Meanwhile, I made countless calls to Maine, spoke to billing secretaries, photocopied and countersigned checks and sent them off. The payments, pennies on the dollar, were not sufficient. The bills continued for months, some came with threats about collections. The phone rang with requests for payment and threats of collections. Every BlueCross BlueShield representative agreed that the ruling was wrong but said they had no authority to change it. None offered a last name or direct phone line.
Heroically, my tenacious and well-connected insurance agent stepped in and began calling contacts high up in the company. By January 18, 2008, 36 claims had been paid in full and 10 more were to be reprocessed because he had pushed his contact in the company to review the claims. Yet, the ambulance bill still had not been paid.
More checks — still small, but when combined with the first ones, almost adequate — began arriving. Again in January (3 months after Marshal’s death), I began the process of calls, photocopying and recording, and signing and forwarding checks to the providers — more than 50 payments in all. In March, 2008, eight months after calling for an ambulance in Maine, the BlueCross and BlueShield reimbursement for that service arrived in the mail.
Relieved, I called the ambulance service to say payment was on its way. Here’s what I was told: “We usually don’t get reimbursed for taking New Yorkers to the hospital; their insurance often doesn’t pay us, unless the patients fight for it.” I was appalled — and humbled — that the ambulance crew was so helpful, even as they knew then that the service would probably not ever be paid.
Those six months of reading medical bills had forced me to relive the agonizing details of my ICU vigil. Seeing how my husband calmed in my presence, the ICU staff allowed me to stay with him from 10AM to 5 PM each day. I remembered each procedure and each professional vividly. Each day the mail brought memories of that terrible time: the faces, words, sights and smells that signified fear, exhaustion, uncertainty and the possibility of death.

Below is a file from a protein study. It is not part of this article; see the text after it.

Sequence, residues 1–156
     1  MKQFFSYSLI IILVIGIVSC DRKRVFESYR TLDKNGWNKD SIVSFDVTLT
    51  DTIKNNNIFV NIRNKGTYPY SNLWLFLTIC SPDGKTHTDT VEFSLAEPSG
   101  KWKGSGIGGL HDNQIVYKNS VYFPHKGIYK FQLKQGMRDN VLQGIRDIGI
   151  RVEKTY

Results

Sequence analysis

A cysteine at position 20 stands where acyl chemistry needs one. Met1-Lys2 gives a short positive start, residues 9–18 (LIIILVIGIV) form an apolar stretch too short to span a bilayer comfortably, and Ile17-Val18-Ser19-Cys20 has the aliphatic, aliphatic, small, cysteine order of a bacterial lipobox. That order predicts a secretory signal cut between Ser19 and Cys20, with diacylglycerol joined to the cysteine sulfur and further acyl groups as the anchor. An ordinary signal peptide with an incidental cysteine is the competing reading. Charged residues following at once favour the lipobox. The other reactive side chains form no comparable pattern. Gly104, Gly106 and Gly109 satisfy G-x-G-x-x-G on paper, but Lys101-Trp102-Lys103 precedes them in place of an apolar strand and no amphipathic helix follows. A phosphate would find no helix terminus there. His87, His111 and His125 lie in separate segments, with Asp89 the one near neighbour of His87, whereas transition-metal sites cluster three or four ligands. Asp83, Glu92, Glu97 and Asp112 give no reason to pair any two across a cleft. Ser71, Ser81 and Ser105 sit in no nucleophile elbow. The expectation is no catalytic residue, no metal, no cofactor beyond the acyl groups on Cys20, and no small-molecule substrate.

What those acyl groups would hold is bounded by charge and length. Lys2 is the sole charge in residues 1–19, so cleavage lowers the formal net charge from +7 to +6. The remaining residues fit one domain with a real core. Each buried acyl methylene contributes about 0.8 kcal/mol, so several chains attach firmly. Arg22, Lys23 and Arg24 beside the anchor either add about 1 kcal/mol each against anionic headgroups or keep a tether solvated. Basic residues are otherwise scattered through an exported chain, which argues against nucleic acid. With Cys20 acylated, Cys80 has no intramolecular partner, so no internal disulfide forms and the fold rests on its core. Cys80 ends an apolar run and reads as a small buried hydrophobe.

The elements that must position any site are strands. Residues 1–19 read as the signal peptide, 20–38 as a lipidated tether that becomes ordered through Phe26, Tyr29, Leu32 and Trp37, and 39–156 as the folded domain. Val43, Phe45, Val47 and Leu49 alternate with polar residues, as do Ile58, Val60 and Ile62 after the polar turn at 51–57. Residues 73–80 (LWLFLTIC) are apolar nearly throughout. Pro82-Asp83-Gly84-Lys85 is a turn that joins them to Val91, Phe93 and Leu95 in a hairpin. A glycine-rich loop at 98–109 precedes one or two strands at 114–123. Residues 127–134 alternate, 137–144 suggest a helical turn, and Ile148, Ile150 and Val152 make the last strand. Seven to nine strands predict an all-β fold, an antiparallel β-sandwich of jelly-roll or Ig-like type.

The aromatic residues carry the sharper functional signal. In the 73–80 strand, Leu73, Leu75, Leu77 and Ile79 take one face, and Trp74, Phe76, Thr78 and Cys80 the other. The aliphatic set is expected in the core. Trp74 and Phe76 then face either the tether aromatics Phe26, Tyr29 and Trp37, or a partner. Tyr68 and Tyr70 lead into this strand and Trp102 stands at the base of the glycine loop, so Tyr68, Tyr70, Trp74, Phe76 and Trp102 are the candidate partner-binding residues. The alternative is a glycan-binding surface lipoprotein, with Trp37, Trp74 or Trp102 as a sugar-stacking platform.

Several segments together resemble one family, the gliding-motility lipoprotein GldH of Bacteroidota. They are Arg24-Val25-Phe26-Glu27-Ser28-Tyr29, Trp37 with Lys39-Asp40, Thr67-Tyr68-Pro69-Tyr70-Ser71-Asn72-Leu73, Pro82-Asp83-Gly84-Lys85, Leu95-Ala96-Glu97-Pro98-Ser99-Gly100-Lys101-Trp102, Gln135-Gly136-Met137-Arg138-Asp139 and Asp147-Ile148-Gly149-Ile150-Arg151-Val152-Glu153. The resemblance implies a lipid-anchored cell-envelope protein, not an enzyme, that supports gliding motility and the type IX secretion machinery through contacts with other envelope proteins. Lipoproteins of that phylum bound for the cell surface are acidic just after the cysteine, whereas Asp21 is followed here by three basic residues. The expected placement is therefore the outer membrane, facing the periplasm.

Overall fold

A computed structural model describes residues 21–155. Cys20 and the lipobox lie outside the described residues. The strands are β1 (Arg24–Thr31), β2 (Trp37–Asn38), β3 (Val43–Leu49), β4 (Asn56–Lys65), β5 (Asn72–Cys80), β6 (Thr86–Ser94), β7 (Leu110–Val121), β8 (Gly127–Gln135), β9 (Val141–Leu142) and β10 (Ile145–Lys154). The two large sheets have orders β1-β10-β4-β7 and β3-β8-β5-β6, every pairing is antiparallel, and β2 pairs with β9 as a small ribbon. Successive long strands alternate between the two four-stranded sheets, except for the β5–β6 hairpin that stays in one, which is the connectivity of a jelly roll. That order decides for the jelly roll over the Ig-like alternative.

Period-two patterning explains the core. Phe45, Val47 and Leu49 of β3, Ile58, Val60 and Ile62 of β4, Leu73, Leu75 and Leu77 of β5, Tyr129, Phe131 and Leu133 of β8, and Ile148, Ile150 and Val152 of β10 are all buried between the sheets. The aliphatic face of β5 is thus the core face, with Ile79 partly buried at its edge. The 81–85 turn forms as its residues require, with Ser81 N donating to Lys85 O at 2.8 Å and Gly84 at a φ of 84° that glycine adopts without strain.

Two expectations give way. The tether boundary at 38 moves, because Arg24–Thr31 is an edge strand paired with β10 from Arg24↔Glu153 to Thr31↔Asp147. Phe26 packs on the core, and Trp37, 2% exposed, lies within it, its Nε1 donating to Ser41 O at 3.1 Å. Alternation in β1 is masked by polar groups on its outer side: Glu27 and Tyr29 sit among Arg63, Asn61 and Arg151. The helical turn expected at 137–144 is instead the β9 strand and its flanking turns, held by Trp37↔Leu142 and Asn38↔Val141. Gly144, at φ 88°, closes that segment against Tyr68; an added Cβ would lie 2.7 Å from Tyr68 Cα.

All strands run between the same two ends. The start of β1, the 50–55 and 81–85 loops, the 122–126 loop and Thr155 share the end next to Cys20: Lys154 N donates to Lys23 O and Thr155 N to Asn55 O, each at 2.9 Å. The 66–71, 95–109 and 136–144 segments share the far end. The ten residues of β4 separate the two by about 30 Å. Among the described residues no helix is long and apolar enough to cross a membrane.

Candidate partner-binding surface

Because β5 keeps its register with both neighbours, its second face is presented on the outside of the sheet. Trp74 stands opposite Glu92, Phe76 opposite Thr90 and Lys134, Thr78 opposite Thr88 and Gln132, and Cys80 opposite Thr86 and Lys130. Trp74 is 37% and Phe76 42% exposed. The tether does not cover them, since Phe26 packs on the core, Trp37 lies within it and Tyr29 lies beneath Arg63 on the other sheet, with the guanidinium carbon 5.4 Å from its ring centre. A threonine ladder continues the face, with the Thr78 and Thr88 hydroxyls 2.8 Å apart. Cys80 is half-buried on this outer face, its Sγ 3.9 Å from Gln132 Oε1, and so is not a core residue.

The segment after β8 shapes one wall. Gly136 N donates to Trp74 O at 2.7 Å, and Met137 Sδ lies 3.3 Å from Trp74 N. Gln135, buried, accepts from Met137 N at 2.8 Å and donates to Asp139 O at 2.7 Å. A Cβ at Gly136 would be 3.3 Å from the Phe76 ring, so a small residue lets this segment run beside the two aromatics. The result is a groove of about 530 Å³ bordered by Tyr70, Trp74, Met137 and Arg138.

In addition, because of those bills, I faced the prospect of selling my home or using my husband’s life insurance to pay the medical bills (knowing I had to keep my good credit to successfully take over his business). I also neglected my own work –I’m a child psychologist- in order to process the paperwork.
A physician friend who had worked, briefly, for Empire BlueCross told me similar stories.
The insurance company’s practice was to deny payments, even for valid claims. For those who persisted in the arduous review process, legitimate claims would eventually be paid but when people gave up, Wellpoint, Empire’s parent company, earned higher profits.
That pleased the share holders. The strategy was profitable; Wellpoint’s net income in the fourth quarter of 2007 was $859.1 million; their net income for 2008 was $2.5 billion. My physician friend, committed to good medical care, fled the company as soon as he found another position.
Reflecting on this experience, five years later, I know I was fortunate. I am well-educated, well-organized, smart and persistent. I had health insurance. My husband had worked long and hard, six days a week, to create and maintain a business that was profitable enough to offer health insurance to all its employees. I was fortunate that he could and did do that. He played by the rules that many of our politicians tell us will work for all Americans. I was fortunate that I could make the time to spend 10 to 15 hours a week for six months to force Empire BlueCross BlueShield to honor its obligations.
If this is the story of a lucky woman, then only God can help the unlucky, the uninsured, the people too sick, too poor, too uneducated and too beaten down to fight an insurance system that places money first and people second.
I will continue to vote in and be thankful for this democracy. But I will never vote for anyone who says that health care is an individual responsibility. As a widow, I know that my children and I need the protections of the current health care law. I will vote for the Democratic candidates who promise to maintain those protections.
The author is a New York State licensed psychologist who specializes in the care and education of children and adolescents. Her husband, Marshal Dutko, owned a business in Manhattan.